An Example of High Dose Fisetin Exhibiting Senolytic Effects in Mice

Fisetin is perhaps the most intriguing of the first generation senolytic compounds, those capable of selectively destroying senescent cells in old tissues and thus producing rejuvenation to a meaningful degree. Senolytics have been demonstrated in animal studies to reverse many age-related conditions to a greater degree than any other approaches.

Why is fisetin intriguing? Because in mice, it appears to be about as effective as the dasatinib and quercetin combination, yet it is a widely used dietary supplement.

Image credit: Pixabay (Free Pixabay license)

Supplement dosing of fisetin in humans is not that much lower than the lowest demonstrated senolytic dose in mice. Senolytics are highly effective as treatments for inflammatory age-related conditions in mice, and starting to show similar effects in human trials. Should we expect that no older individual ever took enough fisetin to notice that it has profound effects on common inflammatory age-related conditions at higher doses? Is it realistic to think that strong medicines can be hiding in plain sight in this way for years upon years? The alternative explanation is that fisetin, unlike datastinib and quercetin, only effectively destroys senescent cells in mice. Which seems equally implausible, given what is known of the biochemistry of cellular senescence.

Questions regarding fisetin will be resolved (hopefully) at some point in the near future, given that human clinical trials of fisetin as a senolytic drug are presently ongoing, targeting frailty, cartilage degeneration, kidney disease, and osteoporosis. It is also worth looking at the materials on fisetin put together by the Forever Healthy Foundation, an extensive review of the evidence to date.

Fisetin Alleviated Bleomycin-Induced Pulmonary Fibrosis Partly by Rescuing Alveolar Epithelial Cells From Senescence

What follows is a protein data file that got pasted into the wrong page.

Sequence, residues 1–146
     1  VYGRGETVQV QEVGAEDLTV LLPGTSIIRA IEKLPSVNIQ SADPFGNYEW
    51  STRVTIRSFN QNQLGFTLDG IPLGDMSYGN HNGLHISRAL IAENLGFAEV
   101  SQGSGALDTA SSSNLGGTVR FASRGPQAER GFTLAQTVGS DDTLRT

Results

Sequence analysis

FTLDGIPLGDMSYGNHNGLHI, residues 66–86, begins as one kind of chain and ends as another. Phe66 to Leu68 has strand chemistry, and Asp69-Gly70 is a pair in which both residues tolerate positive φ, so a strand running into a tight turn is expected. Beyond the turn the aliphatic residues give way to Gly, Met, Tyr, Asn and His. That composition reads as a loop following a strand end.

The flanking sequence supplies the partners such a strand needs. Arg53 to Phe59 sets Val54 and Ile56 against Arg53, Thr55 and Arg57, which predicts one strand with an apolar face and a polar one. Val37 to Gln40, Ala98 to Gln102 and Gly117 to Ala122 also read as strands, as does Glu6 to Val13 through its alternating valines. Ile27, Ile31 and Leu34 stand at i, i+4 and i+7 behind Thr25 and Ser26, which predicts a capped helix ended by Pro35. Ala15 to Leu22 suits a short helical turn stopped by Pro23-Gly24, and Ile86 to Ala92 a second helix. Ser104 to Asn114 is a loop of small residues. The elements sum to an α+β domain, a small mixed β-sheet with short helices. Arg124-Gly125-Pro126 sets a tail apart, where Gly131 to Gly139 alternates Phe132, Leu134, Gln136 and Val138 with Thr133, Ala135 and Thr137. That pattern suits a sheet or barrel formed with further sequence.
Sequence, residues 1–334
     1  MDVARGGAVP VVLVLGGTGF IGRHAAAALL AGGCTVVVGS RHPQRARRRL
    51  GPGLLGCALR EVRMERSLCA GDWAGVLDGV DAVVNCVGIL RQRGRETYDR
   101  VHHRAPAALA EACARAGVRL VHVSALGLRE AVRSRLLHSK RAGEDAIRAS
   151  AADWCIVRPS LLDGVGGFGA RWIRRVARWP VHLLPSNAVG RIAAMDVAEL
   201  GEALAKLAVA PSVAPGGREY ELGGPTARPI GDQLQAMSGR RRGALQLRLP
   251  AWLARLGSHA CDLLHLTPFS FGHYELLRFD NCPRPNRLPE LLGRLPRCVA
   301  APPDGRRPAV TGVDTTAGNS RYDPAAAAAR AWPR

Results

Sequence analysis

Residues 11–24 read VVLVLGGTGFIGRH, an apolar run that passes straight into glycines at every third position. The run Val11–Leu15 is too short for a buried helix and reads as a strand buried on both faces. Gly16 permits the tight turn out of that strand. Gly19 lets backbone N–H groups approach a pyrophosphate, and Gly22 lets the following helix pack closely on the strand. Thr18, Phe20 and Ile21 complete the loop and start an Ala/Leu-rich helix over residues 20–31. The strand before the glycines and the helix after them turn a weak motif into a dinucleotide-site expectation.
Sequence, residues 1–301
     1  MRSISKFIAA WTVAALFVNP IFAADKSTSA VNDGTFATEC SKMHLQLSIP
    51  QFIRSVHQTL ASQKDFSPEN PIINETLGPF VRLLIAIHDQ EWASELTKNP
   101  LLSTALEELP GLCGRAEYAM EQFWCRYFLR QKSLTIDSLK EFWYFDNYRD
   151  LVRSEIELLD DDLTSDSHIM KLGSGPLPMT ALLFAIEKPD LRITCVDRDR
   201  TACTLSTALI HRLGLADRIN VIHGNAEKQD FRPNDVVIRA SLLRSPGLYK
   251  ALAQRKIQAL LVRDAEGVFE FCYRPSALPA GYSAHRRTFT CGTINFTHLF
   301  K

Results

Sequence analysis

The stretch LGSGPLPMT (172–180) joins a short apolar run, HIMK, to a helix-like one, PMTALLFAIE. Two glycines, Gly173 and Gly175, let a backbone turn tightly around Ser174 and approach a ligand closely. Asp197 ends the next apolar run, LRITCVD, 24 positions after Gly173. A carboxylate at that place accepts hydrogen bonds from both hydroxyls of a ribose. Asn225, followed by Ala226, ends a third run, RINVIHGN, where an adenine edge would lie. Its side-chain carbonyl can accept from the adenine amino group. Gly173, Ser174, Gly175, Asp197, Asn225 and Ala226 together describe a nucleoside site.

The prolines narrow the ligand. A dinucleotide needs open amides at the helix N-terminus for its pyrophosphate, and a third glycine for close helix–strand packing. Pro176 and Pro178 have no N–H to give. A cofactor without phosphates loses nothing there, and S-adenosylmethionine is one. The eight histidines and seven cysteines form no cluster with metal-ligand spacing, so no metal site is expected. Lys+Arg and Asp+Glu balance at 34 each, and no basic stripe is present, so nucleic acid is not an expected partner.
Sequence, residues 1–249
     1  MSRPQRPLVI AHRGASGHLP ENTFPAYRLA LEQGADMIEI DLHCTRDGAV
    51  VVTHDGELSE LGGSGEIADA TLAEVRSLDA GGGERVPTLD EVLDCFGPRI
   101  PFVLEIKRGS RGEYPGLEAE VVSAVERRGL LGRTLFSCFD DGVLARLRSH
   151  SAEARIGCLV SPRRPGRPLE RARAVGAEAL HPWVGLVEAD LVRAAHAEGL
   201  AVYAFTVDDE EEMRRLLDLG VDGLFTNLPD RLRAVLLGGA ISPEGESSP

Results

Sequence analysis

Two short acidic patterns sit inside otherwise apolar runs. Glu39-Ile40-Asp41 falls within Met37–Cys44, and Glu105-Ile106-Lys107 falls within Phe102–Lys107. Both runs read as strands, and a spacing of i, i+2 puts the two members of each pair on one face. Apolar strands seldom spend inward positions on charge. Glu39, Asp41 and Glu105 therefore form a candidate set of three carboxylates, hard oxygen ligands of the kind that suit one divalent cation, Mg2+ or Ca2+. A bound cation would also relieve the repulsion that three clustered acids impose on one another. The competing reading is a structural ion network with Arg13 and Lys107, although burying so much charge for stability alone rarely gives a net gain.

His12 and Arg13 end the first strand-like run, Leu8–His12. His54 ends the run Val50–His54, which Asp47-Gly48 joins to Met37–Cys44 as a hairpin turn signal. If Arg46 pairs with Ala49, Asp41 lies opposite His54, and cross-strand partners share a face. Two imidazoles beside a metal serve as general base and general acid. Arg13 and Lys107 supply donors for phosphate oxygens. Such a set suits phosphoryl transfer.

Idiopathic pulmonary fibrosis (IPF) is a chronic, progressive lung disease, which is characterized by the aberrant accumulation of extracellular matrix (ECM) in the lung parenchyma and deterioration of lung function. Both clinical observations and epidemiological investigations indicate that IPF is an aging-associated disease, since IPF occurs primarily in middle-aged and elderly people (median age at diagnosis is around 65 years), and the incidence rises remarkably with advancing age.

Cellular senescence is pivotal for phenotype of aging. The characteristics of senescent cells include growth arrest, enlarged cell morphology, elevated activity of SA-β-Gal as well as increased expression of cell cycle inhibitors, such as p16 and p21. Dysfunctional re-epithelialisation, following repetitive micro-injury, initiates the process of pulmonary fibrosis (PF). Increasing evidences have implicated that accelerated senescence of alveolar epithelial cells, a main cause of epithelial dysfunction, plays an important role in IPF pathogenesis. Senescent alveolar epithelial cells not only lose the ability of regeneration and repair, but also exert deleterious effects on neighboring cells by secreting a variety of proinflammatory cytokines, pro-fibrosis factors, growth factors, matrix metalloproteinases, and chemokines, described as senescence-associated secretory phenotype (SASP).

Fisetin (FIS), a natural non-toxic flavonoid, is present in various plants, fruits, and vegetables. Previous research has demonstrated that FIS has anti-inflammatory, anti-fibrosis, anti-oxidant, and anti-aging properties. Senolytic drugs, dasatinib and quercetin (D + Q), can attenuate experimental PF via selective depletion of senescent alveolar epithelial cells. More encouragingly, a recent first-in-human open-label clinical trial has suggested that short-term administration of D + Q could improve the physical dysfunction in IPF patients. Both FIS and quercetin belong to the flavonoid class, and FIS exhibits stronger senotherapeutic activity in cultured cells than quercetin, and can extend lifespan in mice. These traits remind us that FIS may have protective effect in PF. However, the role of FIS in PF has not been elucidated.

Bleomycin (BLM)-induced PF is the most frequently used animal model. Treatment with BLM can also induce alveolar epithelial cell senescence in vitro and in vivo. In this study, BLM was used to reproduce PF in mice and induce alveolar epithelial cell senescence to investigate the effect and mechanism of FIS in experimental PF. We found that FIS treatment apparently alleviated BLM-induced weight loss, inflammatory cells infiltration, inflammatory factors expression, collagen deposition and alveolar epithelial cell senescence, along with AMPK activation and the down regulation of NF-κB and TGF-β/Smad3 in vivo. In vitro, FIS administration significantly inhibited the senescence of alveolar epithelial cells and senescence-associated secretory phenotype. FIS may be a promising candidate for patients with pulmonary fibrosis.

Source: Fight Aging!